You may be one of the many engineering professionals not particularly enthused with the idea of making presentations – perhaps terrified on some occasions. The reasons may be that the audience shows obvious boredom and the poor presentations reflect badly on one.
You may be one of the many engineering professionals not particularly enthused with the idea of making presentations – perhaps terrified on some occasions. The reasons may be that the audience shows obvious boredom and the poor presentations reflect badly on one. It is thus ends up as not a particularly pleasant experience for both the audience or the presenter.
You’re unlikely to ever hear from someone, who has to attend an engineering presentation, that they are looking forward to it. This short note gives some suggestions on making it a memorable occasion – in a positive sense, of course.
Doing a high quality presentation is a key part of every engineer, technician or technologist’s toolkit. And helps make your career and job considerably more successful.
And by application of one simple rule (sounds like black magic or a quick get rich scheme doesn’t it?); you can dramatically improve your presentations. And that is practice. Practice. And more practice. As well as applying some tips below.
Personally, I find practice a bit irritating and unpleasant. Going through one’s slides a few times is often tedious and unrewarding work (like discovering your old smelly running socks in your backpack a few weeks later?). But it works; and pays off with great feedback from your audience.
In preparing your actual presentation – ensure that it is simple, addresses the issues in a clear way and is interesting. Not the same old dross. And avoid excessive reliance on powerpoint slides.
Four Reasons Why Practising Your Presentation Helps You
The first reason is to eliminate your nervousness when presenting. When you have practised your presentation thoroughly you will find your nervousness disappears. Once you start your presentation; your lines and ‘patter’ seem familiar to you, giving you comfort and you quickly build up your confidence and can then focus on your audience. Nothing is more nerve wracking than not knowing your presentation and at the same time having to interact with the audience.
Secondly, you can then focus on interacting more spontaneously with your audience and catering to their needs and requirements. You can focus on individuals, their reactions, their body language and those who may have lost interest in what you have to say. You can drive up their interest level by throwing questions out to them to get them more involved. And thus avoid the one way monotone presentation.
Thirdly, you can be more dynamic in your presentation and respond to particular audience needs. Jumping to a particular slide as a result of a question or dealing with a particular issue brought up by the audience on the whiteboard. All help to show everyone that you are a person obviously in command of the subject and the issues.
Finally, every successful presentation you give, makes the next one slightly easier and builds on your skills in presenting. Some of our instructors who were initially very poor presenters; by practice and a large number of presentations; have become superb at their craft. Simply, because they have practised over hundreds (thousands?) of presentations.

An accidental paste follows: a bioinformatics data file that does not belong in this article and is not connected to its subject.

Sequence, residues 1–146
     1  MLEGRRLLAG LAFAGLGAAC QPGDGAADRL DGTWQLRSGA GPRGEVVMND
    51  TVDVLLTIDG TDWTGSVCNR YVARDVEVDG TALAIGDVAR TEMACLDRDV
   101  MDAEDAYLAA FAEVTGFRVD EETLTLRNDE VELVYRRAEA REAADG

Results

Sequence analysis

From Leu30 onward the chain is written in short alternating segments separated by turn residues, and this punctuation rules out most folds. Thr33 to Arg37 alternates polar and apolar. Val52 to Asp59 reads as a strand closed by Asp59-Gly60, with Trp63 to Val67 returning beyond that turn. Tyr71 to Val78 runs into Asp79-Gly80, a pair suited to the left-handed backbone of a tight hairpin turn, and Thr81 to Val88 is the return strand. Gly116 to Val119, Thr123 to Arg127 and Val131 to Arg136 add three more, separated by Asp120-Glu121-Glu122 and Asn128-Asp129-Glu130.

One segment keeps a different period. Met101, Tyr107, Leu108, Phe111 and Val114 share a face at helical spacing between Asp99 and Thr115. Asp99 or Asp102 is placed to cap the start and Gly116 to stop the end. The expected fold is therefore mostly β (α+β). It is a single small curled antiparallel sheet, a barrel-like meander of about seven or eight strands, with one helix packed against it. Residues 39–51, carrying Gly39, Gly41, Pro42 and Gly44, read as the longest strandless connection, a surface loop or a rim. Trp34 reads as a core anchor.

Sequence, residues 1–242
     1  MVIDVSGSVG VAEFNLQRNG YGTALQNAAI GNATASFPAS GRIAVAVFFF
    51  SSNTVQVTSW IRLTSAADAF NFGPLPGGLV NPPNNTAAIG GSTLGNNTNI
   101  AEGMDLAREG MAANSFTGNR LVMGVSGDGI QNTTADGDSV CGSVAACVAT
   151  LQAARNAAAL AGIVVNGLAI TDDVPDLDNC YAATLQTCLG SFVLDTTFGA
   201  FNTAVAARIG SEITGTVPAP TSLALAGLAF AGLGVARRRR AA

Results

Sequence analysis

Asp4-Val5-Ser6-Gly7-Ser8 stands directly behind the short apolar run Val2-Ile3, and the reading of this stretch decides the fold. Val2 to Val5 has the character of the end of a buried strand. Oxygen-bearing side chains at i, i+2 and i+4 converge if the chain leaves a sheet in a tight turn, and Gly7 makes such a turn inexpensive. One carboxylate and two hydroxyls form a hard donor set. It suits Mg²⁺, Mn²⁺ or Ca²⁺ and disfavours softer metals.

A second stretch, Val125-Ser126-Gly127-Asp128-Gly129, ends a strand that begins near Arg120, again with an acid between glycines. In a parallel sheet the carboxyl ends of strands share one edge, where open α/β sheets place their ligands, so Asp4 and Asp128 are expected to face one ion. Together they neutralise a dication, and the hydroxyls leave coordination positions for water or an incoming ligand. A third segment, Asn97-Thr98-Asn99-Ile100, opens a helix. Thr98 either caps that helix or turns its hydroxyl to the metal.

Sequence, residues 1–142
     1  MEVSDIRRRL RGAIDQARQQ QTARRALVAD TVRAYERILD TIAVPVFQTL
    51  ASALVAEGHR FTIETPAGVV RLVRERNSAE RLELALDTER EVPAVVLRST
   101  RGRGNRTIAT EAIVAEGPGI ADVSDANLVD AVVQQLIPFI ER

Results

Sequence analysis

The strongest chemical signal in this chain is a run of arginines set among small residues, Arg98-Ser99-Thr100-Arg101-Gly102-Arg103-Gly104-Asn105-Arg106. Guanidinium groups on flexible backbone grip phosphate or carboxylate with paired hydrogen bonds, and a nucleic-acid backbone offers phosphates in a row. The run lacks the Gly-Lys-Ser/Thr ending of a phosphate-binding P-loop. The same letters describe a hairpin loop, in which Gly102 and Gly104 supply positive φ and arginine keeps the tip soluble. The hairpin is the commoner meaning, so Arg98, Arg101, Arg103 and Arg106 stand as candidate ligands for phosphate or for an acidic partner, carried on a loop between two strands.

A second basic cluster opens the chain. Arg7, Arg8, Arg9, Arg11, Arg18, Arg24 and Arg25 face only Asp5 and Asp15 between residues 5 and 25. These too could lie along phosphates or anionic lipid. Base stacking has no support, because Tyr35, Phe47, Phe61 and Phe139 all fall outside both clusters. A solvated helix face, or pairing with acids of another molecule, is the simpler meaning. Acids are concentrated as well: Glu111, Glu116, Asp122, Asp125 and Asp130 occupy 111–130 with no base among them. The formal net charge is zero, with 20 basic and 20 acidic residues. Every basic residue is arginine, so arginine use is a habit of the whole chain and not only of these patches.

Professionals know the Key Secret to Excellence is Practice
Most good speech makers, actors and indeed trainers know the power of practice. Actors are a great example of professionals who practice until they know their lines, facial expressions, tone of voice, gestures and movements so intimately that they can be absolutely spontaneous and bring the play or film to life.
How to Practice
A few suggestions on how to practice your presentation:
- It is best to go through all your slides several times and to present verbally as if you are in front of your audience (but presumably to your dog or cat or mirror). Build up confidence in your phrasing, time allocation and think of potential questions that may come up from the audience. Commence powerfully and with energy and enthusiasm. Avoid reading off the slides, but talk around them.
- Prepare your presentation equipment and ensure your computer connects to the overhead projector and the audio and video (esp. when embedded in powerpoint or another program) all works seamlessly.
- Prepare any associated equipment so that it all works well. Test equipment and instrumentation can sometimes be embarrassingly slow to boot up or not do exactly what you require.
- If you are getting anyone else to co-present make sure you have carefully synchronised with them on what they are going to say. Ensure it adds value to your presentation; isn’t repetitive or embarrassingly poorly done.
- Practice your call to action. What do you want to achieve with your presentation? What do you want your audience to leave with? Finish off with a powerful energised last slide and exhortation to action.
- Finally, ensure your time management is done well – if you have a deluge of questions but only a fixed time; what can you cut back on? And if you have an embarrassingly quiet audience, what can you add in to the presentation to ensure it runs for the full time?
- Ensure throughout that you do not read off the slides but sound like someone completely in control of their subject, friendly and enthusiastic. Chat to the audience as colleagues ¬- not as a patronising professor to 250 first year engineering students who have just commenced study.
Thanks to Susan De La Vergne of the IEEE for an eminently readable article on doing great presentations.
You Can’t always be Perfect
A Roman emperor (Augustus Octavius) remarked two thousand years ago:
Practice, the master of all things.
Yours in engineering learning
Mackay’s Musings – 23rd August’16 #614
780, 293 readers – www.eit.edu.au/cms/news/blog-steve-mackay